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Because you can't spend all day every day journeying around IgoUgo, editors round up the highlights: members' notable trips, newest reviews, favorite destinations, contests, and more. Have a question or idea? Let us know!

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A Humorous Adventurer's Guide to Kenya & Tanzania

A Humorous Adventurer's Guide to Kenya & Tanzania Photo

Photo by actonsteve

Posted on December 1, 2008 in Trip Ideas

Is there a better companion for an African safari than IgoUgo original actonsteve? Judging by the strong presence of his recent Kenya and Tanzania journals on the Best of IgoUgo page, we’d say no. And no wonder: who else would deliver every last detail with such candor, right down to the fact that Karen Blixen was one “saucy minx?” Check out his adventure for yourself, but here are some of the more humorous highlights.

On the Nairobi National Museum: “There was a wonderful set of scales which told you which animal you resembled in weight. I was a warthog—I’m not sure if that is a compliment. Much heavier than a cheetah or impala but lighter than a zebra or eland—I suppose that is some consolation.”

On warthogs: “Life seems better when you are a warthog. I wanted one to take home.”

On the Karen Blixen Museum: “I got to see Karen Blixen’s tin opener. Some people get to see the Elgin Marbles, some people get to see the Rosetta Stone and I get to see kitchen implements from the 1950s. I’m being facetious. The Karen Blixen house is very interesting. One of the better things to do in Nairobi. It was time travel back to the Colonial days—of pink gins and pith helmets, of big-game hunters and coffee plantations...I read Sara Wheeler’s book about Denys Finch-Hatton, Too Close to the Sun, so I knew a little bit about the subject, but the guide was invaluable. The real Denys Finch-Hatton didn’t look like Robert Redford—he was long, stringy and bald as a coot.”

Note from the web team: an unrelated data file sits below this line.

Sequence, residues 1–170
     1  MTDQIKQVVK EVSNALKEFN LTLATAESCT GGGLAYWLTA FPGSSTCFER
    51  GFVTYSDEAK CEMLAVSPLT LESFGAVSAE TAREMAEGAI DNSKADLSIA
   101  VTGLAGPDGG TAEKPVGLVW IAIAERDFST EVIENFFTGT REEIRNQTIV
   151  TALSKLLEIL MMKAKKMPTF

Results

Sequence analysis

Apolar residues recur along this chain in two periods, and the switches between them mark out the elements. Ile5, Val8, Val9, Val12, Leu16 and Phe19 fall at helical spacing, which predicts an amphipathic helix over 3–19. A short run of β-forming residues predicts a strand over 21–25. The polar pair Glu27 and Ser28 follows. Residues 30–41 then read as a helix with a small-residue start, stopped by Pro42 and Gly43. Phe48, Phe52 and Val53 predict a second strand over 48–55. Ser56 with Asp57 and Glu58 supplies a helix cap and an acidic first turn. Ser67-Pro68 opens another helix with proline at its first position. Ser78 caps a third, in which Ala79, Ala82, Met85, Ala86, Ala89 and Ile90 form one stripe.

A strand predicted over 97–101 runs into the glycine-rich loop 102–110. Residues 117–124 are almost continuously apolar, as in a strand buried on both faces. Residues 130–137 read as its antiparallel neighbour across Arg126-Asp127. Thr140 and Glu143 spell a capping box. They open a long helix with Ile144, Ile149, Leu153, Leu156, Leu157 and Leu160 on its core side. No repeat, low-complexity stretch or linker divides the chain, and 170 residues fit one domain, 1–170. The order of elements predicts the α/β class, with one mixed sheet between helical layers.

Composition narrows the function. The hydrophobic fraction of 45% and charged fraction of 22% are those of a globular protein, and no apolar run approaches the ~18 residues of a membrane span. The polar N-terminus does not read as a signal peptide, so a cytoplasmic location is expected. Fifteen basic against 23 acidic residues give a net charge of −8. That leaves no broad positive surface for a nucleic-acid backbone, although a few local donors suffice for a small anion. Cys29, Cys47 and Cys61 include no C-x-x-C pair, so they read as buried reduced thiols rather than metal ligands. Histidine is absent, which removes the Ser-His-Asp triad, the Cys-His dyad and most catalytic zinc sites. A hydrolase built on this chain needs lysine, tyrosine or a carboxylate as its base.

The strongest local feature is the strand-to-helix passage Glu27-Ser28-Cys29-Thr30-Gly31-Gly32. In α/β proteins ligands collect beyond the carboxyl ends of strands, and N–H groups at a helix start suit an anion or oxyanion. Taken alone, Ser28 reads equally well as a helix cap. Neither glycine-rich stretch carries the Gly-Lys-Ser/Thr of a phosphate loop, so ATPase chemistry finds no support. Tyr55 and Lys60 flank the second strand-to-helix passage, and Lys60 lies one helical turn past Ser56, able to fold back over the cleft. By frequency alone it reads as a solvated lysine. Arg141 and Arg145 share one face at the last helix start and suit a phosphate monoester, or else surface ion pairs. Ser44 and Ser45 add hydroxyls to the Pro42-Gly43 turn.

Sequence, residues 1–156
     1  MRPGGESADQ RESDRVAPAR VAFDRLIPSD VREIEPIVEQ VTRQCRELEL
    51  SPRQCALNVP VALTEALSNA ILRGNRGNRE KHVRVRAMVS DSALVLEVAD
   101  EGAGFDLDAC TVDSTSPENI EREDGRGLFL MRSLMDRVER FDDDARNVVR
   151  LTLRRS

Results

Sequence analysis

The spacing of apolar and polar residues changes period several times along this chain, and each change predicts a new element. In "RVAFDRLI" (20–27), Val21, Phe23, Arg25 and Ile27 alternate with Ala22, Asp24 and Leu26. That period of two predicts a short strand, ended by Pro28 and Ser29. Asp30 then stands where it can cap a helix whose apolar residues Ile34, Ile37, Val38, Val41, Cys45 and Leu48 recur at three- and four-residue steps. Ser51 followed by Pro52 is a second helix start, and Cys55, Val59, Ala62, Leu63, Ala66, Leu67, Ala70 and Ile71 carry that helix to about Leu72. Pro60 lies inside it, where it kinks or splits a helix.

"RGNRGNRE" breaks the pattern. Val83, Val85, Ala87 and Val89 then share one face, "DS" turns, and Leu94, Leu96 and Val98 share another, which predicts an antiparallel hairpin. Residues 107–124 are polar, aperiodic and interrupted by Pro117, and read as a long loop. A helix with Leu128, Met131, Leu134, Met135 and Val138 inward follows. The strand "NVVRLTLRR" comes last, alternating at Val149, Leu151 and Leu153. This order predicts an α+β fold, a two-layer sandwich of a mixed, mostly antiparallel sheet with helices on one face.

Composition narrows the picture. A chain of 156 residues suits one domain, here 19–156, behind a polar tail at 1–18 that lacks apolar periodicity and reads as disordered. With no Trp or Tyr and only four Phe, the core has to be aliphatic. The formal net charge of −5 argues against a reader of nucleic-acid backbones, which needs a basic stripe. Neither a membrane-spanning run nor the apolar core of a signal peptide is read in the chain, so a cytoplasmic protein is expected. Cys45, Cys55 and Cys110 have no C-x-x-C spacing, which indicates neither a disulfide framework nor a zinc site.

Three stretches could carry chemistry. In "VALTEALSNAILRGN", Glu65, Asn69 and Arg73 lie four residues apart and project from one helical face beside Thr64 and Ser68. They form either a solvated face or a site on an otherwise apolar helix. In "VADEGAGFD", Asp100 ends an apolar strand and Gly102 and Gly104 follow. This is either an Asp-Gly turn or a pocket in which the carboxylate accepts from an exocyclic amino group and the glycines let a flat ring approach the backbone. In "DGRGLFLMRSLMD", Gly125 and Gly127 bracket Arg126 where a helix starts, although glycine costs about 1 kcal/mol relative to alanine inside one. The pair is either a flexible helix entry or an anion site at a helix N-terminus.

On crossing the border from Kenya to Tanzania: “It takes about two hours to drive down to the Tanzanian border on exceptionally bumpy roads (truly bum crunching), with the ubiquitous toilet break at a curio shop where overpriced African knick-knacks are on offer.”

On Lake Manyara National Park: “You like monkeys? Manyara is bursting with them. It has the biggest population of baboons in the world. These began to emerge from the forest and looked like they were traveling in armies. Dozens at a time would cross the track. Babies clung to their mothers’ undersides, teenagers would stop and watch you and older baboons—the big males—would take their time to show who was boss. Then the park turned elysian.”

On the Arusha Crown Hotel: “To their credit, they didn’t bat an eyelid at me who resembled the "Wild Man of Wongo" when I walked up to their front desk. Probably an everyday occurrence at the Arusha Crown.”

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